Window Selection

Distribution and control of daylight, desired vision of outdoors, privacy, ventilation control, heat loss, and weather resistance are all-important aspects of good design principles. Most building codes require that glass areas be equal to at least 10% of the floor area of each room. Nevertheless, it is good practice to provide glass areas in excess of 20% and to locate the windows as high in the wall as possible to lengthen the depth of light penetration. Continuous sash or one large opening in a room provides a more desirable distribution of light than separated narrow windows.
Either arrangement eliminates the dark areas between openings.
Location, type, and size of window are most important for natural ventilation.
The pattern of air movement within a building depends to a great extent on the  angle at which the air enters and leaves. It is desirable, particularly in summer, to direct the flow of air downward and across a room at a low level. However, the  type and location of windows best suited to ventilation may not provide adequately for admission of light and clear vision, or perhaps proper weather protection. To arrive at a satisfactory relationship, it may be necessary to compromise with these functional requirements.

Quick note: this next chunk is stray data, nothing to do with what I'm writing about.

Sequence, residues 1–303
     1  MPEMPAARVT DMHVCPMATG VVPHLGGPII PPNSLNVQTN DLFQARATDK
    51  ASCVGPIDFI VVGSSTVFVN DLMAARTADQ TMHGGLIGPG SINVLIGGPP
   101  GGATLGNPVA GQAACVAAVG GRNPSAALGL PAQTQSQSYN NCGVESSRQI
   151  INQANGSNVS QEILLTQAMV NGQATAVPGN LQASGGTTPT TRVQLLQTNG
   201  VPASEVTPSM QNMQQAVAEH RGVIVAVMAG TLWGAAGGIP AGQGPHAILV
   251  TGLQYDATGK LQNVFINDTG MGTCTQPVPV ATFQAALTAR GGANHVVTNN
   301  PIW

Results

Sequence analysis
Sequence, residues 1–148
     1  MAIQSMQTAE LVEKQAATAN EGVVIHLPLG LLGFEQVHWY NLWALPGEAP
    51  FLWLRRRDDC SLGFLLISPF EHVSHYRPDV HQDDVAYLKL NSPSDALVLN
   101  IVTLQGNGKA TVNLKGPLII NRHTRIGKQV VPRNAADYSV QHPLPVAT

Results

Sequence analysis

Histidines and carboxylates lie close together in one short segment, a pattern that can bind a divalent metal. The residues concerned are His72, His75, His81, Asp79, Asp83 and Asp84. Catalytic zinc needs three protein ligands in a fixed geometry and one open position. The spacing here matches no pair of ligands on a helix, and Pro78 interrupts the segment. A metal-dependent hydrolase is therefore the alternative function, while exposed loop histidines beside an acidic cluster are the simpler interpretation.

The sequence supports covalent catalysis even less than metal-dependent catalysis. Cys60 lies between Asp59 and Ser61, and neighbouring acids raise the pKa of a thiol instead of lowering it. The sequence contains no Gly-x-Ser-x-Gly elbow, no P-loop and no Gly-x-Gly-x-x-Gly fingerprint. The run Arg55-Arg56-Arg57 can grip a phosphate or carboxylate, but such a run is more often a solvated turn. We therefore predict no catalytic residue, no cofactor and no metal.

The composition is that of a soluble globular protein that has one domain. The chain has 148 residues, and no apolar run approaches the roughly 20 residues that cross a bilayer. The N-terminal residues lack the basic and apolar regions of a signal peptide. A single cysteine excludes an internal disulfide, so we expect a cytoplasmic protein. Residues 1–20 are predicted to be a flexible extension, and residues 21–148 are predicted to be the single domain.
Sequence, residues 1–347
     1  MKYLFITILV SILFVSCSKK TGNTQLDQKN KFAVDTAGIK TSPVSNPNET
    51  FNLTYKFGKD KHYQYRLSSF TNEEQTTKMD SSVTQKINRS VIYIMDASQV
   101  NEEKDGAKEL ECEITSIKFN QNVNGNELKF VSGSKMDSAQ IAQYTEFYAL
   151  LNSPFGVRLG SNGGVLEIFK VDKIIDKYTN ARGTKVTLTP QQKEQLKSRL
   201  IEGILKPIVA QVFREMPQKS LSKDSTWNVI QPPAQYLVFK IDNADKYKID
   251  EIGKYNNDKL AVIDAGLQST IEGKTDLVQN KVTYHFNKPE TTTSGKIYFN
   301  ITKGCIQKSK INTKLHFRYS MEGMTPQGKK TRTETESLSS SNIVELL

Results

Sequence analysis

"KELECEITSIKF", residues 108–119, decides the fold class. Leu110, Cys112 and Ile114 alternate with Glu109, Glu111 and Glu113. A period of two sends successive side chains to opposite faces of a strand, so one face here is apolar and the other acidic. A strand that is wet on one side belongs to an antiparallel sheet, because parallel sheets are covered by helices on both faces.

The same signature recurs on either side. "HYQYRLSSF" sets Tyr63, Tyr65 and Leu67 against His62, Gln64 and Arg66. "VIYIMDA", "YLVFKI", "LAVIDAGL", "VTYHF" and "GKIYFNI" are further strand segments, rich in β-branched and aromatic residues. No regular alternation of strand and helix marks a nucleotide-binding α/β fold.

While building codes may establish a minimum percentage of glass area, they likewise may limit the use of glass and also require a fire rating in particular locations. In hazardous industrial applications subject to explosions, scored glass is an added precaution for quick release of pressure.
Heat transmittance is of economic importance and can also affect comfort.
Weather stripping or the use of windows with integral frame and trim can minimize air infiltration. Double glazing or heat-absorbing glazing makes large glass areas feasible by materially reducing heat transmittance. Solar heating may be achieved by placement of glass areas so that the rays of the sun can be admitted during the winter.

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